Some Text Taken
 from the book
Burne-Jones
by Debra N. Mancoff

 

 

 

 

 

The Pre-Raphaelite Brotherhood

The Pre-Raphaelite Brotherhood (PRB) was a secret society composed of young English artists who -- in 1848 -- rebelled against the Royal Academy; their ideas about art differed from what was consider to be proper at the time.

Members of the PRB

The Brotherhood was led by Dante Gabriel Rossetti (age 20) and included Sir John Everett Millais (19), as well as William Holman Hunt (21).  Later, other artists followed the PRB style, but they were not part of the brotherhood.  After the Brotherhood was established, the following persons were invited to join, even though the Brotherhood was meant to be secret: Thomas Woolner (sculptor), James Collinson (painter), William Michael Rossetti (writer), and Frederick George Stephens (writer).

Artists Who Followed the PRB Style

Some of those artists who followed the PRB style include: Edward Burne-Jones, William Morris, Frederic Lord Leighton, Ford Madox Brown, and John William Waterhouse. 

The PRB Was Trying to Bring Back Realism

The Pre-Raphaelites held the belief that the best art came before the 16th century Italian painter, Raphael -- when art lost its realistic representation of models and reality itself.  The Brotherhood thus rejected the idea that the artist should manipulate an image into his (or her) own ideal vision of beauty; they paid attention to carefully and accurately representing colors and other details within their art.

Some Important Elements of them PRB Art

These painters created their art from medieval tales, bible stories, classical mythology, and nature.  To obtain brilliance and depth, they used bright colors on a white background.

Irony of the PRB Art

The irony of the PRB art involves the fact that these artists -- in trying to produce realism -- actually created art with a surreal quality.  Also, while they looked at Academy as arrogant, they too developed a kind of arrogance of their own -- regarding their art.

 

 

 

 

 

 


Edward Burne-Jones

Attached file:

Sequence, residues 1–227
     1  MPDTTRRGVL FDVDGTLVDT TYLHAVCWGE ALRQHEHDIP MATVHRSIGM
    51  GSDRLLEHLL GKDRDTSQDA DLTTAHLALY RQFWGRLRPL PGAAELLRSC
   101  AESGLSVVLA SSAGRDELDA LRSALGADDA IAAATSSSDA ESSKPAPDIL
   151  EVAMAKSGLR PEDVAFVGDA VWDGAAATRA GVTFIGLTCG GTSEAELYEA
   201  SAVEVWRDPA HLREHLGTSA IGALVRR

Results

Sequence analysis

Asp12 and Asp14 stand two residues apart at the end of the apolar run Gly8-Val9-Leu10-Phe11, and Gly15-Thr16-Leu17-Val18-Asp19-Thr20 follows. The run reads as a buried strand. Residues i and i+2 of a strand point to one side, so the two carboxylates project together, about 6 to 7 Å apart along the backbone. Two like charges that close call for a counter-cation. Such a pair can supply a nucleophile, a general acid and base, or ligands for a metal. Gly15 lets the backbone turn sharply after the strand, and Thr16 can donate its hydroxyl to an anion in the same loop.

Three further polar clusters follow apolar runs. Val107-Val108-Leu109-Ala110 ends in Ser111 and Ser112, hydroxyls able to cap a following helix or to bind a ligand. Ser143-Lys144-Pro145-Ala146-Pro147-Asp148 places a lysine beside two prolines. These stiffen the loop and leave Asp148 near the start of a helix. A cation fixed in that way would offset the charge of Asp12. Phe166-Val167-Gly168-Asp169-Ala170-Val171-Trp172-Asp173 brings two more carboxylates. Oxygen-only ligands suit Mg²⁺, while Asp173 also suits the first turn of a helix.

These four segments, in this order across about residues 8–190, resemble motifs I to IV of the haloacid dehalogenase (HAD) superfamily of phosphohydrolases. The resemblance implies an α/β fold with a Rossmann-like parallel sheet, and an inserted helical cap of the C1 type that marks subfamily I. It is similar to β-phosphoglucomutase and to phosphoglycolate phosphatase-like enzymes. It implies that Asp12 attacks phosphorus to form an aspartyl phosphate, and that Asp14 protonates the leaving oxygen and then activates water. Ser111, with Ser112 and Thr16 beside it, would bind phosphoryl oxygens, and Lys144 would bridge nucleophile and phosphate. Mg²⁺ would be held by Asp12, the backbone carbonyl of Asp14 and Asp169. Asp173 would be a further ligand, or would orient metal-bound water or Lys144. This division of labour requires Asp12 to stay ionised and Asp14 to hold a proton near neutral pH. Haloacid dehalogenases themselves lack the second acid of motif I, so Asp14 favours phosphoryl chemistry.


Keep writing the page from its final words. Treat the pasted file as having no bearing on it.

(1833-1898)

 

'I mean by a picture, a beautiful romantic dream of something that never was, never will be, in a light better than any light that ever shone, in a land no one can define or remember -- only desire."

Edward Burne-Jones     

 

 

 

 

 

 


Georgina Burne-Jones

 

 

 

 

 

 

 

Edward Burne-Jones (1833-1898) was born in Birmingham and had a somewhat sad and solitary childhood. His mother died a few days after his birth, no other children having survived, and he was brought up largely by his bible-wielding nanny.

Thrown back on his own resources, he lived within his own imaginative world, feeding on tales from myth and legend and drawing pictures of what came into his head rather than what was before him.

In his teens he devoured Romantic poetry, then became deeply interested in religion and decided to aim for the Church. In 1852 he went up to Oxford, and there met William Morris with whom he shared a love of medievalism and a hatred of the industrial age.

Recognizing in the work of D.G. Rosetti a kindred spirit and potential guide, they both had second thoughts about the Church and determined to meet their hero.

Rosetti was no disappointment, and helped them develop their talents. In London it was soon apparent that the young friends had different priorities...... for Burne-Jones, escape from its ugliness into a beautiful past, peopled by melancholy knights and pale, unattainable women.

 

 

 

 

 

Le Chant díamour

Burne-Jones was largely self-taught as a painter, and he learned much of his art in the galleries of Italy. From the fifteenth-century masters he derived his predilection for gem-like colours and sumptuous decoration, and the Greek, Christian and Arthurian traditions provided the subject-matter for his idyllic fantasies.

Burne-Jones never claimed to be facing reality - in fact he specifically denied it - but the sheer beauty of his alternative world is beyond dispute.

 

 

 

 

 

The Beguiling of Merlin

The Beguiling of Merlin protrays a provocative tale from the Arthurian legend. NimuŽ, the Lady of the Lake, has pursued Camelotís wizard into the wood, hoping to learn his secret spells. Lulled into submission by her promise to satisfy his every desire, Merlin relinquishes his ancient book of enchantment. NimuŽ then betrays him, using his own magic to drain his powers and imprison him for eternity in the flowering branches of the hawthorn tree. With her tall, twisting form, NimuŽ embodies the fatal woman. She relishes her dominance over her languid victim and vibrates with the strength of her spell. As passionate and dynamic as The Mirror of Venus is chaste and tranquil, The Beguiling of Merlin exhibits Burne-Jones dramatic power.

 

 

 

 

 

Pygmalion and the Image:
The Heart Desires

A pensive Pygmalion in his studio

 

 

 

 

 

Pygmalion and the Image:
The Soul Attains

The Soul Attains shows Pygmalion dropping to his knees and grasping the hands of Galatea, his statue come to life.

 

 

 

 

 

The Days of Creation

First Day Third Day Fourth Day